I suggest you use the onboard SATA instead of using a PCIe card. PCIe cards add latency and are not really worth it just for SATA 3. You will hardly even notice the difference in use b/w SATA 6Gb/s and SATA 3Gb/s honestly, even 2 SSDs in RAID 0 there is hardly a difference in real world use.
If you do end up getting a a card you need a card that is at least PCIe 2.0 x4 and it needs to be bootable if you want it for the OS drive. Like this: (link
Also, with a add-on card your boot times will be lengthened, stuttering, and other issues can occur as well.Intel vs. AMD SATA:
Most of the time SSDs will deliver higher scores in benchmarks on Intel systems than on AMD systems. One thing to remember when comparing scores is to make sure the system you are comparing is similar to yours.Types of SATA modes:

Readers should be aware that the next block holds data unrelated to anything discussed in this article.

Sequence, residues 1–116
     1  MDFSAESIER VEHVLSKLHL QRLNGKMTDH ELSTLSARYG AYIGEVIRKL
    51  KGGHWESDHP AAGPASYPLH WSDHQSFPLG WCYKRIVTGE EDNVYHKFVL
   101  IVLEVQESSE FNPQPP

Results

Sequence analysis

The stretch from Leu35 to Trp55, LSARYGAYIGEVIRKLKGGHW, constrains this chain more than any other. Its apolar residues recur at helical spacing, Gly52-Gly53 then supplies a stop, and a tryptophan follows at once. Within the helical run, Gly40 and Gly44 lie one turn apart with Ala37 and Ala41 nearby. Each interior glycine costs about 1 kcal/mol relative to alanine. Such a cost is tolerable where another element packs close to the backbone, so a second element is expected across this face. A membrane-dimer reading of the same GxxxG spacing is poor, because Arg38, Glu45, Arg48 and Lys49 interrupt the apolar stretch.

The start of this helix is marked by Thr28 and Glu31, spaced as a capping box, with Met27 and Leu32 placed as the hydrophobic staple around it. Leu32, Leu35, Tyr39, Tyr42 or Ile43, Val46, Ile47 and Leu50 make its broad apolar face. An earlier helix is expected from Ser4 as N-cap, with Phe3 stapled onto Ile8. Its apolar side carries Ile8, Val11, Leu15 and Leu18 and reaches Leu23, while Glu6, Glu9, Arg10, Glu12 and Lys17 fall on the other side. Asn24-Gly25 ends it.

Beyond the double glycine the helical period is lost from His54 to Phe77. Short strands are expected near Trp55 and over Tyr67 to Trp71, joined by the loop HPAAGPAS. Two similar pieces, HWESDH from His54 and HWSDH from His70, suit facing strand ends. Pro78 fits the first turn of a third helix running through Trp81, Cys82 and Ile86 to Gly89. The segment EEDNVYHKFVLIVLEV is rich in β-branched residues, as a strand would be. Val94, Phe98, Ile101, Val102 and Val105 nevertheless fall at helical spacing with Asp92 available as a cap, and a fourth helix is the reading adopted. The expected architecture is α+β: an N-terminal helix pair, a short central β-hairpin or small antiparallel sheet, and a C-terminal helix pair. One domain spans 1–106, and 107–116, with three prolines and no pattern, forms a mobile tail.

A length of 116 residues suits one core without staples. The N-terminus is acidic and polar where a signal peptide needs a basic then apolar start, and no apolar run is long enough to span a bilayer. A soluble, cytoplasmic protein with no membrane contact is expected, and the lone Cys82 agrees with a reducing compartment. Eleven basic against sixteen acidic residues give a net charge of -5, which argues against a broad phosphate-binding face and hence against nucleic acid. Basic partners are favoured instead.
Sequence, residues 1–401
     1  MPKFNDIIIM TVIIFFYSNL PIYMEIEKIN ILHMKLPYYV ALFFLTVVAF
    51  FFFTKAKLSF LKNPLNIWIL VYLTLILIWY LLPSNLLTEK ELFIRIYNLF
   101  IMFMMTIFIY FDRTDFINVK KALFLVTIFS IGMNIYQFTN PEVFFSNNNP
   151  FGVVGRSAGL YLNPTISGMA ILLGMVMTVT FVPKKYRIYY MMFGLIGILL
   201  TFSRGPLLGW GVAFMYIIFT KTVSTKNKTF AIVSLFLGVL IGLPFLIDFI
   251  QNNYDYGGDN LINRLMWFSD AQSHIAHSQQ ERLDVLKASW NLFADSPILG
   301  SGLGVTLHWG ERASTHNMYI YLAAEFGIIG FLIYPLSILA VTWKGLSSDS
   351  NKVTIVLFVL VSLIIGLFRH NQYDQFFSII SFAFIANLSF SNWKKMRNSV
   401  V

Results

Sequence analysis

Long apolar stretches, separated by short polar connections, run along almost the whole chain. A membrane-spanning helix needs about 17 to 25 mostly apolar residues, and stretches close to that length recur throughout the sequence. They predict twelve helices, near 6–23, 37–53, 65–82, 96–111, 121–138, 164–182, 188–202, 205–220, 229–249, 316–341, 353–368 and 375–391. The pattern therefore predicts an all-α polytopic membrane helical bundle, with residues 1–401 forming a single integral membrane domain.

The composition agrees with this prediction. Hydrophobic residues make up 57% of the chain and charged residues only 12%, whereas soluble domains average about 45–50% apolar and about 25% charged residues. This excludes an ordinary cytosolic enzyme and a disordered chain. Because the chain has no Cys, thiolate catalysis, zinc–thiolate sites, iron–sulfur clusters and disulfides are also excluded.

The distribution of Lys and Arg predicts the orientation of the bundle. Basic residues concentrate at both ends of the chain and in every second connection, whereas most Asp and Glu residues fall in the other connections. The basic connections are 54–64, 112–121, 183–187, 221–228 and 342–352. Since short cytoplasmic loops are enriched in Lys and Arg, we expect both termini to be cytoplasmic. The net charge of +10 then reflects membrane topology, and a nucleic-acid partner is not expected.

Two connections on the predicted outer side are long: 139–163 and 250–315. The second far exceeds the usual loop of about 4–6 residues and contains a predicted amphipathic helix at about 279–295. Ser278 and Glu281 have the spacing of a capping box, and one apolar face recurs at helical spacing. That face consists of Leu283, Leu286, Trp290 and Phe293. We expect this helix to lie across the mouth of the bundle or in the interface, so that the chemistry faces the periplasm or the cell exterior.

These are the dfferentways you can set up your SATA mode in the BIOS/UEFI.
- IDE - Old, slower, it is simply a compatibility mode. TRIM does work in IDE mode.
- AHCI - AHCI stands for Advanced Host Controller Interface. It makes Native Command Queuing (NCQ) along with hot-plugging or hot swapping through SATA Serial-ATA host controllers possible. NCQ is one of the important features of AHCI for SSDs. SSDs can process requests faster than HDDs. It can process so fast that the SSD could end up waiting for work. NCQ allows the OS/controller to request up to 32 simultaneous requests at once. So you basically get more performance from your drive over older IDE mode.